Send to

Choose Destination
See comment in PubMed Commons below
J Neurosci. 2008 May 21;28(21):5504-12. doi: 10.1523/JNEUROSCI.5493-07.2008.

Recurrent collateral connections of striatal medium spiny neurons are disrupted in models of Parkinson's disease.

Author information

Department of Physiology, Feinberg School of Medicine, Northwestern University, Chicago, Illinois 60611, USA.


The principal neurons of the striatum, GABAergic medium spiny neurons (MSNs), are interconnected by local recurrent axon collateral synapses. Although critical to many striatal models, it is not clear whether these connections are random or whether they preferentially link functionally related groups of MSNs. To address this issue, dual whole patch-clamp recordings were made from striatal MSNs in brain slices taken from transgenic mice in which D(1) or D(2) dopamine receptor expression was reported with EGFP (enhanced green fluorescent protein). These studies revealed that unidirectional connections were common between both D(1) receptor-expressing MSN (D(1) MSN) pairs (26%) and D(2) receptor-expressing MSN (D(2) MSN) pairs (36%). D(2) MSNs also commonly formed synapses on D(1) MSNs (27% of pairs). Conversely, only 6% of the D(1) MSNs formed detectable connections with D(2) MSNs. Furthermore, synaptic connections formed by D(1) MSNs were weaker than those formed by D(2) MSNs, a difference that was attributable to fewer GABA(A) receptors at D(1) MSN synapses. The strength of detectable recurrent connections was dramatically reduced in Parkinson's disease models. The studies demonstrate that recurrent collateral connections between MSNs are not random but rather differentially couple D(1) and D(2) MSNs. Moreover, this recurrent collateral network appears to be disrupted in Parkinson's disease models, potentially contributing to pathological alterations in MSN activity patterns and psychomotor symptoms.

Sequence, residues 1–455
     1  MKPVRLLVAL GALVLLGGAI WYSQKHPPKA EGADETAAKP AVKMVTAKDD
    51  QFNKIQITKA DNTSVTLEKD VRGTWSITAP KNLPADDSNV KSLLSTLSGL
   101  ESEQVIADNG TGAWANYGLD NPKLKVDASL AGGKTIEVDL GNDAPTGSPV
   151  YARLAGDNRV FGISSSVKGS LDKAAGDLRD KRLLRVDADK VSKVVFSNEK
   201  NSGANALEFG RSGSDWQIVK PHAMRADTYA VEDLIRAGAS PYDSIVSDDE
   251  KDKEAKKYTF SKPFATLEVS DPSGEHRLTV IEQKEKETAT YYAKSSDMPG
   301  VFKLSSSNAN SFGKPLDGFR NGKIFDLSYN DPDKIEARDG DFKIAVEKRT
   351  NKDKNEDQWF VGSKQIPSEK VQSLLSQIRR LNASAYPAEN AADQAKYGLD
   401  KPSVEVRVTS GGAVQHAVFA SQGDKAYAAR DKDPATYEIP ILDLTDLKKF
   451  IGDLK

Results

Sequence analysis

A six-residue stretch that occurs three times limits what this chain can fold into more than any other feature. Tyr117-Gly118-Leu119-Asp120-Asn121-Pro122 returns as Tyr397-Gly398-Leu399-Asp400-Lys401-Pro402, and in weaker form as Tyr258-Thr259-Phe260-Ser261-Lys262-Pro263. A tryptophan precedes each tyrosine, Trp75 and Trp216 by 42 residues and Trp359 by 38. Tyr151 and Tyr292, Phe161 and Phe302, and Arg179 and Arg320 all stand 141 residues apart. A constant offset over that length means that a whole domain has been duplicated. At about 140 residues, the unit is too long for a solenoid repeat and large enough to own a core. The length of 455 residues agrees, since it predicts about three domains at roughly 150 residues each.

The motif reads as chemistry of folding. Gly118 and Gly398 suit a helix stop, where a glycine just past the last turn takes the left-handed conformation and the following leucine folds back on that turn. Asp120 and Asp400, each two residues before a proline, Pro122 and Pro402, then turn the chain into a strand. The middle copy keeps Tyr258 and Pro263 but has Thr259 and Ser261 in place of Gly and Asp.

[Indexed for MEDLINE]
Free PMC Article
PubMed Commons home

PubMed Commons

How to join PubMed Commons

    Supplemental Content

    Full text links

    Icon for HighWire Icon for PubMed Central
    Loading ...
    Support Center